3 money fears you can overcome

I can’t believe October has arrived! One reason I’m having a hard time believing it is that today’s high temperature in my neck of the woods is 81. But alas, it’s still October! And since we’ve officially entered the last quarter of 2021, it’s time to start thinking about the holidays. Halloween is always a favorite, and sticking with that theme, let’s talk a little about scary things. No, I’m not talking about the 12th sequel in The Conjuring series (that’s a rough estimate), I’m talking about your personal finances. Money can be stressful and scary, but here are three financial fears you can kick to the curb…

Never getting out of debt: There have indeed been times in my past when my credit card had a balance that I never thought I’d be able to defeat. But trust me … YOU CAN DO IT! (Rob Schneider voice) I know there are bills to pay, but with some careful planning you can get on track to take that debt monster down. Don’t know where to start? I got you! Start right here.

Losing your job: We live in a crazy world and you never know what might happen. So all you can do is be prepared as best you can, just in case you find yourself out of work. Don’t fret over it, but make sure your emergency fund is stocked and maybe work on your networking game just in case. It’s never a bad idea to know more people.

Paying for college: College is expensive. I went to a small, relatively cheap college, and it still took me 15 years to pay off my student loans. If you’re worried about helping your kid pay for school, here’s where I’d start. The first thing I would do would be to ask your kid what they want to be when they grow up. You might get an oddly specific answer and that answer may be a field where a four year degree isn’t really the path for them after high school. So find out what your kid is thinking. Also, if you know college is their next stop, start a 529 plan account now. Maybe you should have started earlier, but today is better than tomorrow. And finally, encourage that brainiac kid of yours to take Advanced Placement (AP) courses in high school. You might be the lucky parent who gets to send their kid off to school with a semester or two worth of credits already earned.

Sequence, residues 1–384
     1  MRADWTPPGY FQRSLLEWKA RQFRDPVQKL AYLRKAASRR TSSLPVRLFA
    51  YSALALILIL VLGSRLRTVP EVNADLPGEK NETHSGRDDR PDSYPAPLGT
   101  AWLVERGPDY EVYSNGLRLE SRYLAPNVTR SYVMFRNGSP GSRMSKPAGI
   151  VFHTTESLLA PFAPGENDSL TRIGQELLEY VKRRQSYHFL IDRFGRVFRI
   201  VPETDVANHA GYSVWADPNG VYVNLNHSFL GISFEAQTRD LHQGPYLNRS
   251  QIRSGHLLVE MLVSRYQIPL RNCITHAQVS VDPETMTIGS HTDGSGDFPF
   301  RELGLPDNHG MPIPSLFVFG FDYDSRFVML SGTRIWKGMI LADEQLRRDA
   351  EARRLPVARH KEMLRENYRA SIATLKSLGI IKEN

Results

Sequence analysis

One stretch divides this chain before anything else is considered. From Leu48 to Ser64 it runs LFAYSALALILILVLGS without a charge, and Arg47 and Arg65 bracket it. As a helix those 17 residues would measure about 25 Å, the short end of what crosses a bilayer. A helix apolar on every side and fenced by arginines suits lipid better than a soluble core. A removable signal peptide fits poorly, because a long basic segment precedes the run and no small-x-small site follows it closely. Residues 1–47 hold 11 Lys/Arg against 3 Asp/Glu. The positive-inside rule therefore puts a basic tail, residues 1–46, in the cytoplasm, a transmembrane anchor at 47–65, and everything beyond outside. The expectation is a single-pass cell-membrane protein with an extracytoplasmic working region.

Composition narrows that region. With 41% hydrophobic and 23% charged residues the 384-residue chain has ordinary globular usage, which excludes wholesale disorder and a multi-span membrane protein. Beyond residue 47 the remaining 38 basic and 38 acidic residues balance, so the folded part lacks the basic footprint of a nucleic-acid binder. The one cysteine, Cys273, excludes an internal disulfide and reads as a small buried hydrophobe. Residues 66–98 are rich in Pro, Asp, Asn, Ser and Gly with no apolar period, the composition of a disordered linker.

John Pettit

John Pettit

John Pettit is the Managing Editor for CUInsight.com. Through news, community, press, jobs and events, he keeps credit unions digitally informed throughout the day. Web: www.cuinsight.com Details